The first time I ever heard about someone staining the floors in their home was about 15 years ago. We had a friend that didn’t like the carpeting but could not afford to replace it with tile or wood.
Susie’s solution was to rip out the carpet and stain her floors. Up until then, the only stained concrete floors I had seen were in warehouses and garages.
Fast forward to today and it is everywhere. I now see it in homes, restaurants, and stores. It’s easier to take care of and in most cases cheaper than tile or wood floors.
We have been telling our customers that carpeting is not a good thing to have it when you have allergies. No matter how clean it looks it still holds all sorts of allergens including pollen, dust, grass, and dust mites. I believe staining is a nice alternative that should be considered.
Anyway here are a couple of videos I ran across on Youtube while looking for more information. The first one just confirms what we already know. The second one is step-by-step instructions.
Summer has almost officially started and so have the thoughts of summer vacation. It conjures up visions of relaxation, sports, and sunny days spent on a sandy beach or a mountain trail.
For individuals and families with allergies and asthma though, it means extra thought and preparation before letting the “good times roll”
As we head full tilt into summer here are some common sense but commonly missed suggestions for a healthy vacation.
Medications – Make a detailed list of any medications showing prescription refill numbers, prescribing doctor, phone number, and dosage. Make sure you pack your medications in a carry-on bag just in case the airline happens to misplace your checked bags. One would think that could not happen with what they charge for checking a bag these days but it does.
Also, make sure to pack an extra Epipen in case someone has an allergic reaction to an insect sting or something they ate. Another good thing to pack is topical hydrocortisone cream.
Essential Gear – If someone has asthma and is using a peak flow meter be sure to bring it and their chart to record results. I don’t need to tell you not to forget the nebulizer but if you are traveling overseas don’t forget the electrical converter.
We have heard from many customers over the years they could not use their nebulizer because of power problems. For people who are camping, you can either use a power converter that hooks into your car or buy a portable one that runs on batteries.
To protect yourself from dust mites it may be wise to pack your own allergy-proof pillow and mattress covers. Many of our customers use the king-size fitted mattress covers and king-size pillow encasing the when I travel. They are easy to use and the king-size covers fit any bed.
Insurance – Don’t forget to check your insurance policy to make sure you’re covered in the area that you’re traveling. Way too many people get a big surprise if they run into a problem and need to go to a clinic or emergency room.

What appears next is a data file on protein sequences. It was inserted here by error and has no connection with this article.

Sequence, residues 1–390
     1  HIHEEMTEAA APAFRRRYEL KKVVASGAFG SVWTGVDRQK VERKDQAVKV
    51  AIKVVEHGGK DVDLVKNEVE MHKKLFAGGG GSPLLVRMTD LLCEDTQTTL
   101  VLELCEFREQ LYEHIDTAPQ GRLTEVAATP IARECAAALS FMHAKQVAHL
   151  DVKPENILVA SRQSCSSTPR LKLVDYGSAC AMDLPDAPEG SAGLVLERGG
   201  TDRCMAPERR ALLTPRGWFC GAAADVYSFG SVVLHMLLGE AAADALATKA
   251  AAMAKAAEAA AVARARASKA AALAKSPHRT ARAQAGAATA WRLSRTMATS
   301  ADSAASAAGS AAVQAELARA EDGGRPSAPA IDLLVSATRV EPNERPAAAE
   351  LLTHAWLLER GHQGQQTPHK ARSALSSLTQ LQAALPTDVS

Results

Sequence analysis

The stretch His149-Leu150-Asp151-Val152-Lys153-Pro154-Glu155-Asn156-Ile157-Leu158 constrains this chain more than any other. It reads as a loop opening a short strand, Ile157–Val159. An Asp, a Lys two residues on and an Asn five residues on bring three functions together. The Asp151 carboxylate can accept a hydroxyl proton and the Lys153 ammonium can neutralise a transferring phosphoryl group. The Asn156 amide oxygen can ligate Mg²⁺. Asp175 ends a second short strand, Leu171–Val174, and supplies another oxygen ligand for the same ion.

Sensible Behavior – During the hot summer months, people with allergies and asthma should drink plenty of fluids, especially water. Try to avoid exposure to cigarette smoke whenever possible. Make sure you request a hotel room that is non-smoking and mold-free.
If you have food allergies call ahead and order a special meal on the airplane or better yet pack your own snacks. When eating out make sure you let your server know you have allergies.
Just because you have allergies does not mean you cannot have a great summer vacation. You just need to do a bit more planning.
For years the EPA has been saying the air inside our homes and offices can be more polluted than the air outside the front door.
This is very true because of how tight our homes are engineered to save money. Then factor in all the various household chemicals we use day to day, and you can see we can have indoor air pollution as well as outdoors.
Whether inside or outside, air pollution and asthma are not a match made in heaven.
People with asthma need to be aware of all the “stuff” outside in the air that can hurt them. Man-made air pollution comes from cars, trucks, industries, and other sources of burning fuels.
During the summer months when it is very hot, lots of sunlight and low winds create something called a smog cloud. In some places like LA, it literally looks like fog. Not a day goes by that we don’t hear something about the ozone level or layer.
In our local newspaper, we have an ozone chart that shows what the ozone level for the day will be. In South Florida, most days are good or mild. We have the ocean breeze that keeps the ozone levels down.
No matter where you live, it is important that you monitor your daily ozone levels. People with asthma need to stay in air-conditioned spaces when the ozone levels are high. Ozone is the major reason that air pollution and asthma don’t play well together.
FYI… If someone tries to sell you an air purifier that they say stops harmful ozone and hangs around your neck .. RUN…
Wishing you the best of health
Mike Krause AllergyStore.com – Serving Customers Since 1989